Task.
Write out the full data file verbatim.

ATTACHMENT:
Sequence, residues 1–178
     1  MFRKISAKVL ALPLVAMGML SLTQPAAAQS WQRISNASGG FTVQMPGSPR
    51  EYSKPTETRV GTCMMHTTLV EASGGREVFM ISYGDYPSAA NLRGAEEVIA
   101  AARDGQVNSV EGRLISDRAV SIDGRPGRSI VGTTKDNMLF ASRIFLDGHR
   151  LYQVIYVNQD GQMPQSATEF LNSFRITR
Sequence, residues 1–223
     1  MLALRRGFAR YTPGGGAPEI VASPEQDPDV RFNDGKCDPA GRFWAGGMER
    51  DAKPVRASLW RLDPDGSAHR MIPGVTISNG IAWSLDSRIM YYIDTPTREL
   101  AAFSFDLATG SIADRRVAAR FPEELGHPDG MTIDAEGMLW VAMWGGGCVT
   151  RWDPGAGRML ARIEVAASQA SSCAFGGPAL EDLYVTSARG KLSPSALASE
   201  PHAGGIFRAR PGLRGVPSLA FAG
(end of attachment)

Sequence, residues 1–178
     1  MFRKISAKVL ALPLVAMGML SLTQPAAAQS WQRISNASGG FTVQMPGSPR
    51  EYSKPTETRV GTCMMHTTLV EASGGREVFM ISYGDYPSAA NLRGAEEVIA
   101  AARDGQVNSV EGRLISDRAV SIDGRPGRSI VGTTKDNMLF ASRIFLDGHR
   151  LYQVIYVNQD GQMPQSATEF LNSFRITR
Sequence, residues 1–223
     1  MLALRRGFAR YTPGGGAPEI VASPEQDPDV RFNDGKCDPA GRFWAGGMER
    51  DAKPVRASLW RLDPDGSAHR MIPGVTISNG IAWSLDSRIM YYIDTPTREL
   101  AAFSFDLATG SIADRRVAAR FPEELGHPDG MTIDAEGMLW VAMWGGGCVT
   151  RWDPGAGRML ARIEVAASQA SSCAFGGPAL EDLYVTSARG KLSPSALASE
   201  PHAGGIFRAR PGLRGVPSLA FAG